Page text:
For the Nth time have found myself referring back to an exceptionally vivid infographics on how many Ukrainians have ever been abroad:
There are three parts of the country represented on the picture — the West, Center, and South-East. The colour code is as follows:
The purple area represents percentage of people who have never been outside Ukraine
The green area corresponds to those who visit other countries less that once per two years
The blue — once every two years
The white — once a year
and the red for those who go abroad more than once a year.
It was a staggering revelation for me that almost 8 people out of every 10 have never been abroad in their life! Even more, another poll reveals that 37% of people never travelled outside their region (county) within Ukraine!
That data correlates neatly with the hostility or indifference towards the EU integration as well. In the west we see about 11% of people are regularly travelling abroad and support there for EU integration is the strongest. Compare this with a meagre 5-6% in the East with the most vocal opposition towards Europe. Indeed, the less people know the easier it is to manipulate them.
All of this really saddens me and spoils good faith in further; but it does demonstrate the essence of real world and people’s desires. Turning though from harsh reality to wonders of virtual world, let’s start with few reminder links:
Physicist Lawrence Krauss gives a talk on our current picture of the universe, how it will end, and how it could have come from nothing. Very thrilling talk on cosmology:
Open offices are an unfortunate misunderstanding. New Yorker:
The open office was originally conceived by a team from Hamburg, Germany, in the nineteen-fifties, to facilitate communication and idea flow. But a growing body of evidence suggests that the open office undermines the very things that it was designed to achieve. In June, 1997, a large oil and gas company in western Canada asked a group of psychologists at the University of Calgary to monitor workers as they transitioned from a traditional office arrangement to an open one. The psychologists assessed the employees’ satisfaction with their surroundings, as well as their stress level, job performance, and interpersonal relationships before the transition, four weeks after the transition, and, finally, six months afterward. The employees suffered according to every measure: the new space was disruptive, stressful, and cumbersome, and, instead of feeling closer, coworkers felt distant, dissatisfied, and resentful. Productivity fell.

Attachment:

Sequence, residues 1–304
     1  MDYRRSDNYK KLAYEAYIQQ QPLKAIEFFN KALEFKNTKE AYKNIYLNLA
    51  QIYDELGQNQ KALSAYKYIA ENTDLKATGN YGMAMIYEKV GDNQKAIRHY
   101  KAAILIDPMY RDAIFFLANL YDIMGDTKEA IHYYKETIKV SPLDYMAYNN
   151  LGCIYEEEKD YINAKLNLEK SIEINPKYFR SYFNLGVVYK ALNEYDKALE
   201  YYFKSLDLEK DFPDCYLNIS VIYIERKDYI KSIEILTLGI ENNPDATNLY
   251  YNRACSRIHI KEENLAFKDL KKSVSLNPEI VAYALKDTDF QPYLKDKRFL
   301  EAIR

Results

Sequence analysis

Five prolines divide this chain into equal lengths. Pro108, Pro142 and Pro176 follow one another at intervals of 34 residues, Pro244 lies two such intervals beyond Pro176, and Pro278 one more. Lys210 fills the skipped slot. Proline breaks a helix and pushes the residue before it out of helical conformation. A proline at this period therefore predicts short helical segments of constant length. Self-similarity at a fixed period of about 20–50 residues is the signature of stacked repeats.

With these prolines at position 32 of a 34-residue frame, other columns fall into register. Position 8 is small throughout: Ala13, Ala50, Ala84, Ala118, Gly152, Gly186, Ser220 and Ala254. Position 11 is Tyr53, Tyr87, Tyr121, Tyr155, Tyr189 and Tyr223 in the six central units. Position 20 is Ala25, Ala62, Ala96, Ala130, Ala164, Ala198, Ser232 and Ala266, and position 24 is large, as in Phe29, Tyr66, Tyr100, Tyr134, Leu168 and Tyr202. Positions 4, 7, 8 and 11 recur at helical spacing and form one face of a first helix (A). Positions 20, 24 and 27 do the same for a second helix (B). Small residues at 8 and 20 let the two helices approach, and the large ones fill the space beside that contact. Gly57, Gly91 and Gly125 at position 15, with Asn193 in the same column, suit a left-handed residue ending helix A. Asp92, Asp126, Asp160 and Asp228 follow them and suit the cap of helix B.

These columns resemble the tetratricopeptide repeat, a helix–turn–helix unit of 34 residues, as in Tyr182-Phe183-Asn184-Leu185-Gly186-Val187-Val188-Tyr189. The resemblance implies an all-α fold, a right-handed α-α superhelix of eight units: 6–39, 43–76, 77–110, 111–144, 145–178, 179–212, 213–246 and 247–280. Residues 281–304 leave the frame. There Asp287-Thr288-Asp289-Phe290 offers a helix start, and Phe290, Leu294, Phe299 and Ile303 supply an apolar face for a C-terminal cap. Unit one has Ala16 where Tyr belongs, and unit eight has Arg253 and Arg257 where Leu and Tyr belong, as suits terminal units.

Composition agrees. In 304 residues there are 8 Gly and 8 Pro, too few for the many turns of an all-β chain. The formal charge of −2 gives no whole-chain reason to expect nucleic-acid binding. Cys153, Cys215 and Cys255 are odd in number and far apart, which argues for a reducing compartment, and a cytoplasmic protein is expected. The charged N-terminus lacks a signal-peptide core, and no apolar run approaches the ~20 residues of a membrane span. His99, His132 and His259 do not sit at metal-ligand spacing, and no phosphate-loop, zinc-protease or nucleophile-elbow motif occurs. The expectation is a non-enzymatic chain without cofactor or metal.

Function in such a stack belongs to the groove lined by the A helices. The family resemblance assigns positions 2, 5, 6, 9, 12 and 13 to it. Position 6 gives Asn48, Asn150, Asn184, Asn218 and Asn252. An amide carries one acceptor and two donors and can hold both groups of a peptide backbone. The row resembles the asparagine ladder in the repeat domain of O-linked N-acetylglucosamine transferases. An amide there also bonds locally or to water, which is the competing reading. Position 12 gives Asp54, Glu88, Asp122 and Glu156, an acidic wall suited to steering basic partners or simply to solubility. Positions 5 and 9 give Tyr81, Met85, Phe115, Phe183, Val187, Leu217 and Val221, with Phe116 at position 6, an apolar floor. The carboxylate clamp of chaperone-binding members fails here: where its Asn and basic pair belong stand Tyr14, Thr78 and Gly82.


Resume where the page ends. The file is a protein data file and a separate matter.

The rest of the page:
When the Avatar was first released I was appalled by claims that it was touted as ‘totally original work from the mind of Cameron’. I was sure that many years ago I read strikingly similar story by some of well-known sci-fi writers, but was struggling to remember the name of either the novel or the author. There was the same paraplegic hero who telepathically connected with an artificially created life form in order to explore a harsh planet and get access to its resources. Doesn’t it sound similar to the Avatar’s plot?
Recently I accidentally stumbled upon this novel — that was Poul Anderson’s Call Me Joe, written in (!) 1957. This is a classic sci-fi masterpiece and I would recommend reading it any time.